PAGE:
Milwaukee-based salami company says state agency forced business to close

MILWAUKEE -- Just weeks after a recall stripped its salami from store shelves, Bolzano Artisan Meats says it has to close its doors for good--and the Wisconsin Department of Agriculture is to blame. 

The Milwaukee-based company recalled nearly 5,000 pounds of salami April 17 because salami packages had the wrong inspection label.

The U.S. Department of Agriculture said in a press release about the recall that products produced under the Wisconsin Department of Agriculture, Trade, and Consumer Protection inspection program are eligible for sale in Wisconsin when they have the Wisconsin state inspection shield on the package.

The salami that was recalled, however, was incorrectly labeled with the Cooperative Interstate Shipment program version of the USDA Mark of Inspection, which requires federal acceptance into the program.  

Bolzano Artisan Meats LLC is not part of the CIS program, meaning the company cannot sell meat labeled with the CIS program version of the USDA Mark of Inspection.  

The labeling mix-up meant nearly 5,000 pounds of otherwise safe to eat meat had to be removed from store shelves and destroyed.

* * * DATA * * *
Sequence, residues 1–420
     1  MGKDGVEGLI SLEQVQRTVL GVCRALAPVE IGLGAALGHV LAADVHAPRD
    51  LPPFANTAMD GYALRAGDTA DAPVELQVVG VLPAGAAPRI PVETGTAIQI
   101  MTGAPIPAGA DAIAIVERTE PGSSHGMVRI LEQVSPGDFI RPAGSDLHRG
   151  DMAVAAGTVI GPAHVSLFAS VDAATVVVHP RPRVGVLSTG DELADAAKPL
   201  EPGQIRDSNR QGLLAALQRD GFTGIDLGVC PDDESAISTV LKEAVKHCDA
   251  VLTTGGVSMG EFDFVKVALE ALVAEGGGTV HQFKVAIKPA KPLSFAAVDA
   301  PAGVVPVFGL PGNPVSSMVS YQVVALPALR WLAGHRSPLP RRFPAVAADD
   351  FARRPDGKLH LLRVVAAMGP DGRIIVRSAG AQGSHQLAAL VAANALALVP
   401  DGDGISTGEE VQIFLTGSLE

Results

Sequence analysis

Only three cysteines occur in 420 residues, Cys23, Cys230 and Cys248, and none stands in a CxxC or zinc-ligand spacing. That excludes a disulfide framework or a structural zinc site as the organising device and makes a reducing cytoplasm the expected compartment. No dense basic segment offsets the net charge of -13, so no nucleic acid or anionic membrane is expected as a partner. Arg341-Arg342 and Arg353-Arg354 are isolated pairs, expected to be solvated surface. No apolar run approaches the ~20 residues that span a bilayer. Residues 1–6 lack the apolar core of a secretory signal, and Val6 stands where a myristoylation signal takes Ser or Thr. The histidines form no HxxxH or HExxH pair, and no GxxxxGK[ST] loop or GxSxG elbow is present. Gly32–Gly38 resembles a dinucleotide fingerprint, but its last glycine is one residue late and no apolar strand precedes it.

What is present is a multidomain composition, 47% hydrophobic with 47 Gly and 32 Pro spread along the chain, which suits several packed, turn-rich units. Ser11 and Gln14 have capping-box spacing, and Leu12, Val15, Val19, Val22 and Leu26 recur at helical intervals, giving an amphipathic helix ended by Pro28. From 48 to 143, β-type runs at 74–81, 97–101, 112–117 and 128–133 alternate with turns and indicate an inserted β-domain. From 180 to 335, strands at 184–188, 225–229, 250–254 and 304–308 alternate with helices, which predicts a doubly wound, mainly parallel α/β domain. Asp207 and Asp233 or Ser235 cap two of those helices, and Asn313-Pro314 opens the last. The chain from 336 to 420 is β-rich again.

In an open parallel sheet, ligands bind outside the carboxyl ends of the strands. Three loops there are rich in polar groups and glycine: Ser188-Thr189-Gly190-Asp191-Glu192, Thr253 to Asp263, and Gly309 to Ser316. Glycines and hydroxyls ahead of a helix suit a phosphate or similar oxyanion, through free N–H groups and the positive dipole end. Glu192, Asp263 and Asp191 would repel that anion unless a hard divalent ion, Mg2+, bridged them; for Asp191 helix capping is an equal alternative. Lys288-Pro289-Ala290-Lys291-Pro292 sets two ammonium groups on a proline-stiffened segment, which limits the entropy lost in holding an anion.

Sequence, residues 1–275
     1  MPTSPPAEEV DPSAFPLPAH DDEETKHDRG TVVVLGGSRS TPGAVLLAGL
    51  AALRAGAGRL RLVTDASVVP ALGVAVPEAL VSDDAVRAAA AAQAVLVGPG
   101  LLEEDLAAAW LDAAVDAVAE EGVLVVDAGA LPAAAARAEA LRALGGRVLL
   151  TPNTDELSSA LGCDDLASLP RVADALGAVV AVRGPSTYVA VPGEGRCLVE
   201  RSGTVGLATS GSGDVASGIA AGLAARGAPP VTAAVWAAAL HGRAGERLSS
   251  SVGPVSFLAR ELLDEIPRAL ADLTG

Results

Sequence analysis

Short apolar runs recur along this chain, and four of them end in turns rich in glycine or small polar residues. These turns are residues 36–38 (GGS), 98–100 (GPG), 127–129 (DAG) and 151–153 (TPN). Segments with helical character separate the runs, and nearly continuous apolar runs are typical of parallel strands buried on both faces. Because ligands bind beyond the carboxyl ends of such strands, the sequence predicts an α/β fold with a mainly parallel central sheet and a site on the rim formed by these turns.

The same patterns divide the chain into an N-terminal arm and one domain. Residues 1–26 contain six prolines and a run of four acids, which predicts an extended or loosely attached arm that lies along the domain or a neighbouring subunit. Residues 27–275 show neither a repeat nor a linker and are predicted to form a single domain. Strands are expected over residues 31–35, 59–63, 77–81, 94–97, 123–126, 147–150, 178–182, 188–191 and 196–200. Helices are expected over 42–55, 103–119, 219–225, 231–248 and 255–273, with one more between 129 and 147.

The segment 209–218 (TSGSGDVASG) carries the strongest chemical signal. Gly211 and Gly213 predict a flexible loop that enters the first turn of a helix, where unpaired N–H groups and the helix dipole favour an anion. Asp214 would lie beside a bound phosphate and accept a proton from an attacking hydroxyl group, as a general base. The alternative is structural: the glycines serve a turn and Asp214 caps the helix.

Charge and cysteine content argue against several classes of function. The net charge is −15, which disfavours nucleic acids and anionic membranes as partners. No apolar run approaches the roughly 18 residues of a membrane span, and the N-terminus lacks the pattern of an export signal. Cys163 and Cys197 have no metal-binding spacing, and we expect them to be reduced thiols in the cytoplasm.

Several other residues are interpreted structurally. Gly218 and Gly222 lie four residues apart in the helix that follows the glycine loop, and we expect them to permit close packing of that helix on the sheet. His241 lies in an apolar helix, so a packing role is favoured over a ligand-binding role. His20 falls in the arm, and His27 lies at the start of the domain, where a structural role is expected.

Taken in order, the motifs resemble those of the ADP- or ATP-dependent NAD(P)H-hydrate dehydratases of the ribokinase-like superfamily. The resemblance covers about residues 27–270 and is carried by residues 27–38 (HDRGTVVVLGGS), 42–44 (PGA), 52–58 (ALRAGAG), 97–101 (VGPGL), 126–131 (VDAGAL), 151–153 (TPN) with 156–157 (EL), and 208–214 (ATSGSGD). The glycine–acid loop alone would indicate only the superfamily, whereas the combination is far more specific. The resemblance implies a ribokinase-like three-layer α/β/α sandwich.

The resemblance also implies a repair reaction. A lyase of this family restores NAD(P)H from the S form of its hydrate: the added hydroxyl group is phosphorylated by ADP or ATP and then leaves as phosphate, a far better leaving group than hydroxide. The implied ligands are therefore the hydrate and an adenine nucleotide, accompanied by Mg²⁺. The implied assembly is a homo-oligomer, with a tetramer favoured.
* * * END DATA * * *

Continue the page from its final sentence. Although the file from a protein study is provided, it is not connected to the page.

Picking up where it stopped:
Husband-and-wife owners Scott Buer and Christin Johnstone-Buer say the Wisconsin Department of Agriculture is at fault, and accuse the state agency of bullying Bolzano and small stores that carry Bolzano products. 

\"Wisconsin Dept. of Agriculture ordered all production and sales at our company to stop and is leading to the destruction of around $50,000 worth of salami that the USDA, the highest food safety authority in the nation, declared to be safe and wholesome,\" the owners said in a statement about the business's closing.

Scott and Christin have started a website seeking donations for legal fees to fight their case. 

More than $2,000 has been donated so far. 

\"Food safety should not be replaced with politics and personal issues, and small, independent food processors in Wisconsin and the US are leading the way for a more sustainable way of living and eating, creating jobs and rewarding small farms that do things the right way,\" they said. 

Look for more updates on this story from CBS 58 News. 


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